percentile apache server request response times

I needed a hack to quickly find the 95th percentile of apache request response times. For example I needed to be able to say that “95% of our apache requests are served in X milliseconds or less.” In the apache2 config the LogFormat directive had %D (the time taken to serve the request, in microseconds) as the last field. Meaning the last field of each log line would be the time it took to serve the request. This would make it easy to pull out with $NF in awk

# PCT=.95; NR=`cat access.log | wc -l `; cat /var/log/apache2/access.log | awk '{print $NF}' | sort -rn | tail -n+$(echo "$NR-($NR*$PCT)" |bc | cut -d. -f1) |head -1
938247

In this case 95% of the apache requests were served in 938 milliseconds or less (WTF?!). Then run on an aggregated group of logs, or change the date/time range to just run for logs on a particular day, or for multiple time periods.

Note: I couldn’t get scale to work here in bc for some reason.

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mercurial hg clone turn off host key checking for bitbucket.org

If you clone a repository during an automated code deploy (for example in AWS CodeDeploy or Atlassian Bamboo) then you probably need to turn off host key checking for the clone of your repository. This prevents hg (or git) from raising a user prompt about the authenticity of the host key.

$ echo -e "Host bitbucket.org\nStrictHostKeyChecking no\n" >> ~/.ssh/config
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count new connections per minute to a tcp port

I was running a custom FTP service out of inetd, when it intermittently stopped responding to requests (Connection refused.) In the logs inetd was logging:

Mar 23 06:54:36 fordodone inetd[1510]: ftp/tcp server failing (looping), service terminated for 10 min

After some searching I discovered this error happens when there are too many connections to an inetd service per minute. How many is too many? From the man page for inetd.conf we can see that the default is 256. So the aggregate number of opening connections was over 256 per minute and inetd stops responding for 10 minutes to protect itself and the system from running out of resources. I increased the default to 512 (debian system) and restarted inetd for now.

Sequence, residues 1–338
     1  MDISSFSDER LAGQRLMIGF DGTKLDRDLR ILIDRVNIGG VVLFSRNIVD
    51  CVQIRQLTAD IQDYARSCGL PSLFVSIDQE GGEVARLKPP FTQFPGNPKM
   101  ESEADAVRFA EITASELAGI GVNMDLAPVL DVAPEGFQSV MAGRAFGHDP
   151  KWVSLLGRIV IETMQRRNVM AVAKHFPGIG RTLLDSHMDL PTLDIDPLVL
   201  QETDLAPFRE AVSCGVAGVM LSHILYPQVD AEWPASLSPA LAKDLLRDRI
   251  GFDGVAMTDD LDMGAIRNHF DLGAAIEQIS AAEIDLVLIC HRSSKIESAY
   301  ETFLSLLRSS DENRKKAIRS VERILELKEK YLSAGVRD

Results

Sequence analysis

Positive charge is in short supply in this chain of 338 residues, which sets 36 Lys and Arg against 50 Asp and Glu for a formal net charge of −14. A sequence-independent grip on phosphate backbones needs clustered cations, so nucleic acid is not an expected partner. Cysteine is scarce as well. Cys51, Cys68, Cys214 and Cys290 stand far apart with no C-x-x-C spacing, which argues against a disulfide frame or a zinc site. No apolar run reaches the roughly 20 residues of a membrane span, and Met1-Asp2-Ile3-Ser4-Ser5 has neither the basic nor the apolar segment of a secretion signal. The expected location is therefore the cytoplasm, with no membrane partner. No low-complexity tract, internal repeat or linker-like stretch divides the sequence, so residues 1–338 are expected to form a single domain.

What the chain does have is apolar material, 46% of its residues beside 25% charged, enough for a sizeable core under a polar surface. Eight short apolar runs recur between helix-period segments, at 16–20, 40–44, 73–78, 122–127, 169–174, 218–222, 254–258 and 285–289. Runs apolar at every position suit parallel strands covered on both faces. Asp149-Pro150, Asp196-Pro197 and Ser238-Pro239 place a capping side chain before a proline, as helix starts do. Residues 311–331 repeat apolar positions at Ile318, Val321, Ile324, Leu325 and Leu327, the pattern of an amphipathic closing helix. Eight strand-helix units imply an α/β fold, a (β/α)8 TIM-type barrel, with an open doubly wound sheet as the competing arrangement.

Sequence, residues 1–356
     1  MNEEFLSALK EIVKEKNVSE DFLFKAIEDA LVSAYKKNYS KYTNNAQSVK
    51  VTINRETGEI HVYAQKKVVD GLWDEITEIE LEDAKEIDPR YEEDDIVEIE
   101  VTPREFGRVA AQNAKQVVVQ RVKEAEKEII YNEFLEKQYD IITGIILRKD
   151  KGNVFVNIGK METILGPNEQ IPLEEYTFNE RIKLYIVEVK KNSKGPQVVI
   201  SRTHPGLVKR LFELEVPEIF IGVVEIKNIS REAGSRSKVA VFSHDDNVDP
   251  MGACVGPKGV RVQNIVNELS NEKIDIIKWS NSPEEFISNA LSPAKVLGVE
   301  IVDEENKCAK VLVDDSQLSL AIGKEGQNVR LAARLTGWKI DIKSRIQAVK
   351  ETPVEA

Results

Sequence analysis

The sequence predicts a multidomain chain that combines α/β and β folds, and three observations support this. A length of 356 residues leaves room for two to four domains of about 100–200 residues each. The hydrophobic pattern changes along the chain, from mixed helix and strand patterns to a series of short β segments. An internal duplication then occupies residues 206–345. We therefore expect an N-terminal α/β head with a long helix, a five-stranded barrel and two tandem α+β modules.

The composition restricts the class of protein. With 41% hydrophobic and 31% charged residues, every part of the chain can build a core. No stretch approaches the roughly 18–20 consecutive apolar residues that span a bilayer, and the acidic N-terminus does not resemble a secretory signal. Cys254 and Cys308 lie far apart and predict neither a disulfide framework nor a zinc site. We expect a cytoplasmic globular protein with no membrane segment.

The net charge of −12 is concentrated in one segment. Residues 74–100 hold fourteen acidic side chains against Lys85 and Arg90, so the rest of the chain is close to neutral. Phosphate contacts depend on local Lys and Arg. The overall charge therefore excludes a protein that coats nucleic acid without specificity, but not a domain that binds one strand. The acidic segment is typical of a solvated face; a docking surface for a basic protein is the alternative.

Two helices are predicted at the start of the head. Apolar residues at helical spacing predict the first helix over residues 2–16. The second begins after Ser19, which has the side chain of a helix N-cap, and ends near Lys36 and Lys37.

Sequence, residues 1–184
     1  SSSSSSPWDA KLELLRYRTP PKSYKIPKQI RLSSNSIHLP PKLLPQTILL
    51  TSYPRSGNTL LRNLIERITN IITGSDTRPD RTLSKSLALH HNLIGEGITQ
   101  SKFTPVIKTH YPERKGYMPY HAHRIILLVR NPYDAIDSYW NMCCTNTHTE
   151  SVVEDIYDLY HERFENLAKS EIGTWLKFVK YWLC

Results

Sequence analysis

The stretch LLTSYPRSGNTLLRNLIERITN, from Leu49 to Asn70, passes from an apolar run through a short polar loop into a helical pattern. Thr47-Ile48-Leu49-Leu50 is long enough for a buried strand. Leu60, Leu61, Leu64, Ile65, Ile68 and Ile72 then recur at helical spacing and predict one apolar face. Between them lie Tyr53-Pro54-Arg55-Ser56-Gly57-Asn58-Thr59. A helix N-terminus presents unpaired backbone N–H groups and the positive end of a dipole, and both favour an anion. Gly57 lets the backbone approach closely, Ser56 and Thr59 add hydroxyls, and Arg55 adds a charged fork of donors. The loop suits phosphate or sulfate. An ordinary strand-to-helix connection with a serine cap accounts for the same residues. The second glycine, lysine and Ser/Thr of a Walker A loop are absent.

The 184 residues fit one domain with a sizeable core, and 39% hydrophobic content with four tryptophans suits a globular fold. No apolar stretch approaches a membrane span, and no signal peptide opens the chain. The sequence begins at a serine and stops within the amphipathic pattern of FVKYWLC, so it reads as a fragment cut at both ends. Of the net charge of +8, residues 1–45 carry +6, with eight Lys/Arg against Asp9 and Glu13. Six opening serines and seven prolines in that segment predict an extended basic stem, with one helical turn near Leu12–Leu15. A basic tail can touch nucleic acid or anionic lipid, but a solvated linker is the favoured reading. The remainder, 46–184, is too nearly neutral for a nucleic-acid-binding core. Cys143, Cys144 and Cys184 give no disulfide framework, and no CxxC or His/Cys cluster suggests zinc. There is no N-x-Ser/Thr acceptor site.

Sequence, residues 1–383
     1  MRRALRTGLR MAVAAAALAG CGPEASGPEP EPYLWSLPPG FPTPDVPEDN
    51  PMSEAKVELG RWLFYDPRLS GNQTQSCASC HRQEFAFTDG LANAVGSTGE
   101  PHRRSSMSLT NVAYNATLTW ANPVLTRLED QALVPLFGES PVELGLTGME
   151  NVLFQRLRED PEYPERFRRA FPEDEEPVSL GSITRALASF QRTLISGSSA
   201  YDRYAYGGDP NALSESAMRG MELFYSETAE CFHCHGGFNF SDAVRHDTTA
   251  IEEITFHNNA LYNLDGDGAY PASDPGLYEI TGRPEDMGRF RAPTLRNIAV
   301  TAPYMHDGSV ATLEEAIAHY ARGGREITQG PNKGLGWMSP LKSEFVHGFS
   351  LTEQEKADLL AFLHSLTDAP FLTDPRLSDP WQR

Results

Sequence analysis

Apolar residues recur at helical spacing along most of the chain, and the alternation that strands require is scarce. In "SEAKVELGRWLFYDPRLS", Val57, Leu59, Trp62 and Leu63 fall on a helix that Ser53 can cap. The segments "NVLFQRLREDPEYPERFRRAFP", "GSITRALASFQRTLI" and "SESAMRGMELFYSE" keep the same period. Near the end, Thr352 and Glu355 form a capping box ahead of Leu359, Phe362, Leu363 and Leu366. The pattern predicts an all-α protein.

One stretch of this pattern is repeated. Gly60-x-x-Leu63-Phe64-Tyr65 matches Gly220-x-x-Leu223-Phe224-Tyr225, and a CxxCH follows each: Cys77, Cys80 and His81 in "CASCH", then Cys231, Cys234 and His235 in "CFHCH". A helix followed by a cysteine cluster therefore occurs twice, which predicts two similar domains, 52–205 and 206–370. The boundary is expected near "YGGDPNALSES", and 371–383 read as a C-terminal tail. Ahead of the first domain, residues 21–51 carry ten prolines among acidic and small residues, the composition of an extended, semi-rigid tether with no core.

# echo 'OPTIONS="-R"' >> /etc/default/openbsd-inetd  && service openbsd-inetd restart

How close am I to the 256 default? How often would it happen? Is there a pattern? Could this be legit traffic or a DoS attack? I wrote this one liner to see new or opening connections to the ftp control port per minute. You could change it a little for other services.

# tcpdump -lni eth1 "tcp[13] & 2 != 0" and dst port 21 2>/dev/null | while read i ; do j=`echo $i | cut -d : -f -2`; if [ "$k" == "$j" ]; then l=$(($l+1)); else echo "$k -- $l"; k=$j; l=1; fi; done;

Start with tcpdump on the interface you want to listen(-i eth1), no need to resolve hostnames(-n), or buffer output(-l), and look at the TCP flags byte (tcp[13]) (13th byte) for the SYN bit (2) to see if it is set, and only if the destination port is 21. Pipe it to a while loop and read in the lines as they come. Note the hour:minute, and count packets for that minute. If the minute changes, output the last minutes count, and reset the counter.

You have to ignore the first 2 lines. The first one means nothing, and the second one is missing the portion of the minute that was before you started it. The real results start to roll in on iteration 3.

 --
17:26 -- 6
17:27 -- 21
17:28 -- 20
17:29 -- 34
17:30 -- 38
17:31 -- 27
17:32 -- 37
17:33 -- 22
17:34 -- 23
17:35 -- 33
17:36 -- 29
17:37 -- 23
17:38 -- 28
17:39 -- 26
17:40 -- 73
17:41 -- 99
17:42 -- 132
17:43 -- 110
17:44 -- 130
17:45 -- 112
17:46 -- 109
17:47 -- 104
17:48 -- 182
17:49 -- 155
17:50 -- 145
17:51 -- 110
17:52 -- 154
17:53 -- 147
17:54 -- 86
17:55 -- 39
17:56 -- 39
17:57 -- 30
17:58 -- 30
17:59 -- 38
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make many directories with Bash sequences

Sometimes it’s necessary to do things with sequences in Bash. If you want to create a bunch of directories that will be mount points for NFS servers you could do this:


# mkdir /mnt/fs42
# mkdir /mnt/fs42/vol0
# mkdir /mnt/fs42/vol1
# mkdir /mnt/fs42/vol2
# mkdir /mnt/fs42/vol3

But, even the best experts at the “up arrow key” wouldn’t want to do this for 50 file servers. A nested for loop would work, but it’s not necessarily the easiest way to go. The command seq makes a sequence of integers bounded by the numbers specified.

ok:

for i in `seq 1 50`; do for j in `seq 0 3`; do mkdir -p /mnt/fs$i/vol$j; done; done;

Using Bash sequences, you can tell the shell to interpret this {1..50} as a list of integers between 1 and 50. This also works with letters like {a..t}.

# echo {a..t}
a b c d e f g h i j k l m n o p q r s t
# echo {0..50}
0 1 2 3 4 5 6 7 8 9 10 11 12 13 14 15 16 17 18 19 20 21 22 23 24 25 26 27 28 29 30 31 32 33 34 35 36 37 38 39 40 41 42 43 44 45 46 47 48 49 50

way better:


# mkdir -p /mnt/fs{1..50}/vol{0..3}

of course if you have non-sequential lists, you may have to specify each element like this:

{1,3,4,5,6,9}

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